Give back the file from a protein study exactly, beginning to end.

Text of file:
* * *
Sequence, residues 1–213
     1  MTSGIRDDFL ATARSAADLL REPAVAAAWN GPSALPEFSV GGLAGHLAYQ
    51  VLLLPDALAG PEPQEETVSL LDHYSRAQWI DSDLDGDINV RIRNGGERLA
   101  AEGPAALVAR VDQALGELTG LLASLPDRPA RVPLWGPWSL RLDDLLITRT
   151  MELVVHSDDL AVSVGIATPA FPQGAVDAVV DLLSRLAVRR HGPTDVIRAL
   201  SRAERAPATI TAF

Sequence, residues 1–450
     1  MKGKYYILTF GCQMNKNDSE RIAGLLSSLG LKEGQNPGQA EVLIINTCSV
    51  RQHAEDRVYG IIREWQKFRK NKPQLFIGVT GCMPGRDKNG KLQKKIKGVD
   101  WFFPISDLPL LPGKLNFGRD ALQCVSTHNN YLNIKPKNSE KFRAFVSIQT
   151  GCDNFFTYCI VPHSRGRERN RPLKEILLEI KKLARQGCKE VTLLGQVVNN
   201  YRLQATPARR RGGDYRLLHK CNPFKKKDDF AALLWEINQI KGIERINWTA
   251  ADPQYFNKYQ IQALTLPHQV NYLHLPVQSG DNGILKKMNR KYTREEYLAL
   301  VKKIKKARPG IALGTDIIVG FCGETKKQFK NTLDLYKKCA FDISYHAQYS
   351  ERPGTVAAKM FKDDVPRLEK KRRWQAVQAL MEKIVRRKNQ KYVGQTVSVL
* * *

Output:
Sequence, residues 1–213
     1  MTSGIRDDFL ATARSAADLL REPAVAAAWN GPSALPEFSV GGLAGHLAYQ
    51  VLLLPDALAG PEPQEETVSL LDHYSRAQWI DSDLDGDINV RIRNGGERLA
   101  AEGPAALVAR VDQALGELTG LLASLPDRPA RVPLWGPWSL RLDDLLITRT
   151  MELVVHSDDL AVSVGIATPA FPQGAVDAVV DLLSRLAVRR HGPTDVIRAL
   201  SRAERAPATI TAF

Sequence, residues 1–450
     1  MKGKYYILTF GCQMNKNDSE RIAGLLSSLG LKEGQNPGQA EVLIINTCSV
    51  RQHAEDRVYG IIREWQKFRK NKPQLFIGVT GCMPGRDKNG KLQKKIKGVD
   101  WFFPISDLPL LPGKLNFGRD ALQCVSTHNN YLNIKPKNSE KFRAFVSIQT
   151  GCDNFFTYCI VPHSRGRERN RPLKEILLEI KKLARQGCKE VTLLGQVVNN
   201  YRLQATPARR RGGDYRLLHK CNPFKKKDDF AALLWEINQI KGIERINWTA
   251  ADPQYFNKYQ IQALTLPHQV NYLHLPVQSG DNGILKKMNR KYTREEYLAL
   301  VKKIKKARPG IALGTDIIVG FCGETKKQFK NTLDLYKKCA FDISYHAQYS
   351  ERPGTVAAKM FKDDVPRLEK KRRWQAVQAL MEKIVRRKNQ KYVGQTVSVL